I am bored. I never really understood the meaning of “ground hog day” until now. I may only have had one employer for forty-three years but I had varied roles, worked in many different locations, and I met lots of interesting people while I was with CIBC. When I was 18, I worked in rural locations and thought it pretty cool to be licensed to carry a handgun to pick up money parcels from the Post Office. I knew nothing about firearms and I had loaded the wrong ammunition. I was told that if I had ever pulled the trigger I would have blown my hand off.
Blues legends Brownie McGhee and Sonny Terry frequently played the Montreal coffee houses and jazz clubs in 1970 and 1971 and they were regular customers for US money orders at Crescent and St. Catherine where I was working as a foreign exchange clerk. Sometimes they just came in to talk and pass the time. In my late twenties, I worked as an account manager in loft manufacturing buildings on St-Viateur and on Chabanel Street and there I learnt a lot about the pace of business, the need to listen and to “hear,” and the importance of being relevant and alert all while working with clothing manufacturers and importers. I enjoyed being an old fashioned branch manager, in many ways a job that conveyed more personal power than being responsible for commercial banking for east and north Ontario and where I was conscripted to work on commercial banking’s strategic planning.
I had the good fortune to spend most of my career in real estate banking courtesy of two Toronto women that convinced the head of real estate to believe in my ability to learn the industry properly and then proceeded to make sure that I didn’t let them down. I have been lucky to have had some of the best developers in Canada as clients and teachers. Real estate industry specialization has provided me the opportunity to have a post-retirement career that has given me an excuse to be downtown one or two days a week, and, the means to travel to Europe frequently.
It has been about five months since our annual “getaway from winter” was cut short and we came back from London on March 13, two weeks before we had planned to return. I shouldn’t complain. I like my home and I enjoy my wife and family but the variety that came from being in client offices in the city, meeting with work colleagues, eating in some excellent restaurants, and the enjoyment that I got from planning the next big trip are missing. We can and do go out to shop and to restaurants but those activities are frequently joyless given the necessary but bothersome sanitary procedures: endless hand washing and sanitizing, remembering and wearing masks, finding entrance / exit doors as well as the location of check-out lines, and, following a hodgepodge of directional signs. Then there is the unpredictability of individual temperaments including my own. I have never spent more time in a 6,000 square foot area and I find that my patience is frayed so I apologize to those unknown people I may have glared or snapped at. I am trying to do better but it is easier to snarl under a mask than it is to flash a smile that nobody will see.
A simple suggestion: Imagine people are smoking, or farting really bad, and try to avoid breathing it in.Click here to read the article on vox.com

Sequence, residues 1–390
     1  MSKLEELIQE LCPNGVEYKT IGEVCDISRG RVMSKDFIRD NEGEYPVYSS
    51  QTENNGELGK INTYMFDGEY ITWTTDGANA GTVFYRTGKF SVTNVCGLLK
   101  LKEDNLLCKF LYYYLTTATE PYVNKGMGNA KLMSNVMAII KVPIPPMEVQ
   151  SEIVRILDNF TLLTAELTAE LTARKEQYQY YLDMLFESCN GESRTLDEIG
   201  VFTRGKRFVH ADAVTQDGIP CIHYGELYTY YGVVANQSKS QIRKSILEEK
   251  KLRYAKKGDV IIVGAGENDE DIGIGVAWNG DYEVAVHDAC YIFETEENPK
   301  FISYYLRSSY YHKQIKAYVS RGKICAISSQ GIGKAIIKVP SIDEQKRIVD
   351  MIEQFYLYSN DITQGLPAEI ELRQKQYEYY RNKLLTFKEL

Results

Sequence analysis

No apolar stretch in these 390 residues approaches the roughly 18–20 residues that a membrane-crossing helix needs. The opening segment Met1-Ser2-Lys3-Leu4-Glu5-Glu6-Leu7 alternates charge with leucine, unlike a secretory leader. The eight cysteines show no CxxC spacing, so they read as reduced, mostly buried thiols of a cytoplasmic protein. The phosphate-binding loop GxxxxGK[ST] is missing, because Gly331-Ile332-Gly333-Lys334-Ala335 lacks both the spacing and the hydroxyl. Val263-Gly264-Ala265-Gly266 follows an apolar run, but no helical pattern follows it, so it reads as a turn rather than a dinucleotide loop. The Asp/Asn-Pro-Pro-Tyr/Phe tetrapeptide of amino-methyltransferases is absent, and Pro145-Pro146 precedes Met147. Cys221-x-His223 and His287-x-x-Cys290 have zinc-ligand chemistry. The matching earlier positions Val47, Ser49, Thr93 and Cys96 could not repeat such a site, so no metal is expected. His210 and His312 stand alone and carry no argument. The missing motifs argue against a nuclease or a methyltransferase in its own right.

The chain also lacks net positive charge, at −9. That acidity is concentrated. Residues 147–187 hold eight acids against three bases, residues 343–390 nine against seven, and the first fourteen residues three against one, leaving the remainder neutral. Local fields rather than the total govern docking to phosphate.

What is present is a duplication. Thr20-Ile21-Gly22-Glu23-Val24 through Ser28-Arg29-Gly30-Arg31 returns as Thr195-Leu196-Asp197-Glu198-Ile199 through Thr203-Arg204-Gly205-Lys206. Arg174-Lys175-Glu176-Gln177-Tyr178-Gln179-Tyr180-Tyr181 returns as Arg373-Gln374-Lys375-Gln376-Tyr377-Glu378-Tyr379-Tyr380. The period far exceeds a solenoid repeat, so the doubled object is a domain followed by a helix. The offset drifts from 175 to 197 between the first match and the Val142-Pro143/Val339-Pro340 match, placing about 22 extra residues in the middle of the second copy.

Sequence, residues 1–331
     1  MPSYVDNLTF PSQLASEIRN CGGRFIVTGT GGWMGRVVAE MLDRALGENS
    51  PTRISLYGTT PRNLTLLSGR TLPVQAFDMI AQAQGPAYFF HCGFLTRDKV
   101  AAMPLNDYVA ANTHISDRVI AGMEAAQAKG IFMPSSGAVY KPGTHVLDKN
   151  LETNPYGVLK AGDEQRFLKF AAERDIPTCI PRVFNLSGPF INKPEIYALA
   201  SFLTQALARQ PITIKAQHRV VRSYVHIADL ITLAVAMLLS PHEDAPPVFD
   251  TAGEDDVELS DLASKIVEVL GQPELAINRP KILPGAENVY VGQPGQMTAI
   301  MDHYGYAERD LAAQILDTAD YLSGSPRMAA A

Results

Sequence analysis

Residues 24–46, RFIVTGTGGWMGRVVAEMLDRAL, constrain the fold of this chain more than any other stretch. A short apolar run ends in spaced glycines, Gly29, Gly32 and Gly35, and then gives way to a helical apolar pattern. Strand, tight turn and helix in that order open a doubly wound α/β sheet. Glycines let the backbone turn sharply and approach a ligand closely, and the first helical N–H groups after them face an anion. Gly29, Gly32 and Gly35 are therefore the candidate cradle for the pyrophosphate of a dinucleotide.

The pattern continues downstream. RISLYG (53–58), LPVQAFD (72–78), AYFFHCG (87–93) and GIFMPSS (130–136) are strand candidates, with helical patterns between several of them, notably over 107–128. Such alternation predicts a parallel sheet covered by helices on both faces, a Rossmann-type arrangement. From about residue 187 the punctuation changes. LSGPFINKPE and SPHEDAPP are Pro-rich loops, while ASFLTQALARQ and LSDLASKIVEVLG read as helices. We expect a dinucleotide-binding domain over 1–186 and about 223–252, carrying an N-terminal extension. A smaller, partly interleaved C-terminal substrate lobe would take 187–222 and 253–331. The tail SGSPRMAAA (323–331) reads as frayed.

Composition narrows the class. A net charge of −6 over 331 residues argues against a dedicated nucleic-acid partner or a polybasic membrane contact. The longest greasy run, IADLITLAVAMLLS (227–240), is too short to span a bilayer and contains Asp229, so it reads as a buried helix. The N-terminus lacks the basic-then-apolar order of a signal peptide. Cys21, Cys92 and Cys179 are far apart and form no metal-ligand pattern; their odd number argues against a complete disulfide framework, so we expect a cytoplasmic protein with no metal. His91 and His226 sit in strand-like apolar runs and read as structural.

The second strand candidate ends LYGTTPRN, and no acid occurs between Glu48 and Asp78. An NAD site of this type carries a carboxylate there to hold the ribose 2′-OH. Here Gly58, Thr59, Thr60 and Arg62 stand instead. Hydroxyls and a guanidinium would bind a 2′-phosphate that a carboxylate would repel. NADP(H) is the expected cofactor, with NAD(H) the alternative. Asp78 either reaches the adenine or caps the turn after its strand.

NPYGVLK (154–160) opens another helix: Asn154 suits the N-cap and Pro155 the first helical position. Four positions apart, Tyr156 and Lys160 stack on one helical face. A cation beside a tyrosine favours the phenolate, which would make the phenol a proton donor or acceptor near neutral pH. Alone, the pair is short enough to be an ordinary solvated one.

Each new day is looking more like the day before and we are closer to Christmas than we are to that March 13 day when we left the UK to shelter from the pandemic at home. Covid-19 is going to be with us for quite a while longer. It is highly contagious and it is a killer. For many that it infects, there can be serious long term consequences. There are no proven vaccines and regardless of any hype, the ability to massively inoculate populations to the degree necessary for some level of herd immunity is probably 18 to 24 months away. We can’t possibly wait that long to get back to a decent level of normality. I think that everyone wants to rediscover a more social life, fearless freedom of movement, and the enjoyment of travel. What can get us there:
What can push us back into lockdown:
The same reminders: Shop local, support local businesses, buy from local farms, and support local artisans and manufacturers. As always, wear masks as required, wash your hands, practice social distancing, hydrate, and exercise.
Lisbon’s seven hills and waterfront make it visually spectacular. The second oldest capital in Europe, the city has energy. Busy streets and squares, full restaurants, and vibrant night life – the city pulsates. And, the population seems young. All signs of a city on the rise? Earthquake A 1755 earthquake destroyed 85% of the city […]
People living on the street have come to symbolize the global housing crisis but they are only the tip of the iceberg. While the examples of Finland and Houston demonstrate a focussed plan pursued diligently can resolve the housing situation for the chronically homeless, addressing the affordable housing problem is much more complex. Defining Affordability […]
I love to dance. This is not something new for me. I can’t remember when I didn’t like to move to the music. My first memories of watching others dance come from my childhood in Cape Breton where I would watch the adults square dance. Then, there were the step dancers who would often accompany […]
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A Visit from Saint Nicholas A Poem by Jonathan Potter – December 2022 ‘Twas the first mask-free Christmas, when all through the stores The vaccinated children were spewing their spores;The shoppers were eagerly starting to riotAs the introverts longed for some quarantine quiet. The public healthcare workers were tracing the pathOf the flu and RSV, […]